SAP CEO Bill McDermott has lost his left eye following an accident in July, but will remain as leader of the company.
According to the German newspaper Wirtschafts Woche, McDermott fell down a flight of stairs in July carrying a water glass. He nearly bled to death from his injuries.
McDermott told Wirtschafts Woche that he feels strong and can continue to lead SAP.
Nevertheless, the paper reported that SAP's supervisory board had a succession plan, but details are unknown.
McDermott will be able to fly again next month and will be at SAP's Walldorf, Germany headquarters in early October.
Hasso Plattner, SAP's Chairman, told Wirtschafts Woche that McDermott suffered the injuries and "almost bled to death."
On Facebook, McDermott detailed the accident:
Today, news about my recent accident made a few headlines. Many of you have reached out to me with well wishes, as well as some questions as to what happened, so I wanted to share a few facts and thoughts.
In early July, I was visiting my father on his 76th birthday. Unfortunately during my stay, I slipped and fell while holding a glass of water, and the injuries caused by falling on the broken glass were significant. I suffered facial fractures, severe lacerations, and extensive damage to my eye.
After returning home from extensive surgery and a week's worth of recovery time in the hospital, I had numerous additional procedures to repair the facial injuries and multiple surgeries to attempt to regain sight in my eye. Unfortunately, despite doing everything possible, the eye could not be saved and was removed earlier this week. After a 6 - 8 week healing period, I will be fitted with a prosthetic eye. Although this was not the outcome I had hoped for, I feel grateful, optimistic and hopeful.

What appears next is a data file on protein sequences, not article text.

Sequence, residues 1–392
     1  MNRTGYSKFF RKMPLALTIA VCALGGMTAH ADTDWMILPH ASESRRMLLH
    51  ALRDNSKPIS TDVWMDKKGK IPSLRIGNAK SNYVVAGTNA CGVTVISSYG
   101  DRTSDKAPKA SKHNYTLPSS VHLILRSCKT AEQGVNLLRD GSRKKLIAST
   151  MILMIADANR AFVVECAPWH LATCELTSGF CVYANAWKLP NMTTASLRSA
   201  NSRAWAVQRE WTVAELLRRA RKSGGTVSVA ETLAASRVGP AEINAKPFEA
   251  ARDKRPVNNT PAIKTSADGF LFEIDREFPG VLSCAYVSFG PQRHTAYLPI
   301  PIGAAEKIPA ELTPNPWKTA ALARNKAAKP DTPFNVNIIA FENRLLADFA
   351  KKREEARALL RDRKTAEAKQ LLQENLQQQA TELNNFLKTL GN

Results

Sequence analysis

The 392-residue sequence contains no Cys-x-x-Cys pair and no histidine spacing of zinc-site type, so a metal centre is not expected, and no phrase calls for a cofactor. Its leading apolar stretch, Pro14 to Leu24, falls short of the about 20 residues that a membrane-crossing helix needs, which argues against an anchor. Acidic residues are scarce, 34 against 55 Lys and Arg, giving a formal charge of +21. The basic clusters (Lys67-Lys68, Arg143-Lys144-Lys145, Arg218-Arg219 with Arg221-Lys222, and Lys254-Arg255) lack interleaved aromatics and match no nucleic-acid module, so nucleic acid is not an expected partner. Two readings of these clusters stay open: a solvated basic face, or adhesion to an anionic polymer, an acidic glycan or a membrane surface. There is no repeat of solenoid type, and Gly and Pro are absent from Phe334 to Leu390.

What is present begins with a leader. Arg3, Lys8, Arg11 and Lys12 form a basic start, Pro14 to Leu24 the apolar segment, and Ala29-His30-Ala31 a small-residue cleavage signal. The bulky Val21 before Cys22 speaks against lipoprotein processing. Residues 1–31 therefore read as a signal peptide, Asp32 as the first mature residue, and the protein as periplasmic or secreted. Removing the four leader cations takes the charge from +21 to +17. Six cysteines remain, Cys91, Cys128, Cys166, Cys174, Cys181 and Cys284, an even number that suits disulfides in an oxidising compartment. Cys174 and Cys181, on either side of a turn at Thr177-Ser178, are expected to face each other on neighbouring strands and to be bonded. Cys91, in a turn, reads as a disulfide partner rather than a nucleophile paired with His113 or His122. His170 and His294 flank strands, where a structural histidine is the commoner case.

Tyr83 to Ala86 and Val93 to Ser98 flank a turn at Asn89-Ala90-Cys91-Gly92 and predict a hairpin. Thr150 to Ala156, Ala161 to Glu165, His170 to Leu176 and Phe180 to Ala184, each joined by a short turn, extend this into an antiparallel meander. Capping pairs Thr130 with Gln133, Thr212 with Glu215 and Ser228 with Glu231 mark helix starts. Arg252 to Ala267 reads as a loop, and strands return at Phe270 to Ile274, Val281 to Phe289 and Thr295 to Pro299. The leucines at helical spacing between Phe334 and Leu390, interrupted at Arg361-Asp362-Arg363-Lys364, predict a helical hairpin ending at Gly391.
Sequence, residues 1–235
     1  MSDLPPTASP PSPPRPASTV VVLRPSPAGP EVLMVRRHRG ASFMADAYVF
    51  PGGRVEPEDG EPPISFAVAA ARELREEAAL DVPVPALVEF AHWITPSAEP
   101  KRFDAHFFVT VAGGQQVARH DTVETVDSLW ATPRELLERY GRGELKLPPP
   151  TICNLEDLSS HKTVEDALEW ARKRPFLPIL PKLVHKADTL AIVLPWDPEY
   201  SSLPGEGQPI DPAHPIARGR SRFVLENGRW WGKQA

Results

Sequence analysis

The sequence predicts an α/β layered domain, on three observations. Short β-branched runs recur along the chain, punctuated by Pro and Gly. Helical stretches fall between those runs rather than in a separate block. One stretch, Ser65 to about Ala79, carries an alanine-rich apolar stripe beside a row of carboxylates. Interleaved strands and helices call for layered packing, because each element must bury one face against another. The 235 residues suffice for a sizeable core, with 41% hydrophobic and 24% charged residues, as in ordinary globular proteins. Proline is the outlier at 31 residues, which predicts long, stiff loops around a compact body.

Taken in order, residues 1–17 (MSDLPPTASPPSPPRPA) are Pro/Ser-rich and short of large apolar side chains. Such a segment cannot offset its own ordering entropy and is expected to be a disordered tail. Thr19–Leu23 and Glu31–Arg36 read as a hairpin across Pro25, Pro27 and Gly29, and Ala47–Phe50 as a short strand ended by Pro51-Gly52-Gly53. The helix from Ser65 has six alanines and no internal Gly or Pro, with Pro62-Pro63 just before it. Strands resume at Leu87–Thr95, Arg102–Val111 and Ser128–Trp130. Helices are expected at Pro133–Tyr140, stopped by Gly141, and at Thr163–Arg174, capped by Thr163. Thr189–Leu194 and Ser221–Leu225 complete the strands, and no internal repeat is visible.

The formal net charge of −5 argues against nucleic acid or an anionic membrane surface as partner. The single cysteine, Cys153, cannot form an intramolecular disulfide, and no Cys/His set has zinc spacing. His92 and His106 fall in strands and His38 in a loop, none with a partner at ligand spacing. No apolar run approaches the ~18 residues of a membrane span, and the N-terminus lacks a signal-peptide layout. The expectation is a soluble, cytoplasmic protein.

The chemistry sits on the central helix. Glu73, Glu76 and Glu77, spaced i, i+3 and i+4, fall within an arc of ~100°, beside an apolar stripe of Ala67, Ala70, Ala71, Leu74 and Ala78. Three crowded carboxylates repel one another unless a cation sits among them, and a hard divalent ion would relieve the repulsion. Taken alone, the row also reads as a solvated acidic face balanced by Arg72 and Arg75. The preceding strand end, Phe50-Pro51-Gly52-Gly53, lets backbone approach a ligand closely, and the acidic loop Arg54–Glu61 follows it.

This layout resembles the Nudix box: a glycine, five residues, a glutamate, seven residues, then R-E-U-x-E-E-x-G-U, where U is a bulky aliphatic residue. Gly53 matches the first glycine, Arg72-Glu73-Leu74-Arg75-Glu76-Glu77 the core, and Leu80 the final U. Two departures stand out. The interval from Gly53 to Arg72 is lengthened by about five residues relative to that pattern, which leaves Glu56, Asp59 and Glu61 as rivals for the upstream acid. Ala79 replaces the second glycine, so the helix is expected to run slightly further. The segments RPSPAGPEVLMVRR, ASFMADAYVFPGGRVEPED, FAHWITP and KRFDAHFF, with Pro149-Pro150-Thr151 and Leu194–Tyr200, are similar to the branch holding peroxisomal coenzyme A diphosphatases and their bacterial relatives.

I feel grateful because I've lost people I love, and know that losing an eye is in no way comparable to losing a piece of your heart. I am more grateful than ever for my family, who have been by my side these past weeks--and throughout my life. I am also grateful to the hardworking, committed women and men I have met during these past weeks of surgeries and recovery. Without their talent, I wouldn't have come this far.
I feel optimistic because that's who I am. I learned this from my mother, whose indomitable spirit I inherited, and which has always helped me push through challenges. Just as every life experience has made me wiser and stronger, I know this one will, too.
Finally, I feel hopeful in part because of something a friend reminded me: true insight doesn't come from what we see, but from what we know and feel. I have lost an eye, not my curiosity or my compassion. I am no less capable of leading SAP, or any less committed to the audacious goals we've set for the company. Thanks to my family, my friends, and my colleagues, my spirits are higher than ever.
Work has always energized me, and today, I'm more driven than ever to fulfill my duties and promises as SAP's CEO. I've been talking with Hasso Plattner and SAP's leaders, my colleagues, our partners and customers for weeks, and now that the doctors say I can fly I'm heading to the airport in early October to see my second family, in Germany.
This is an important time for SAP, a company made up of thousands of talented, hard-working people that deserve the spotlight much more than I do. So, enough said. Thank you for your friendship and support. Now, it's time for me to get back to work.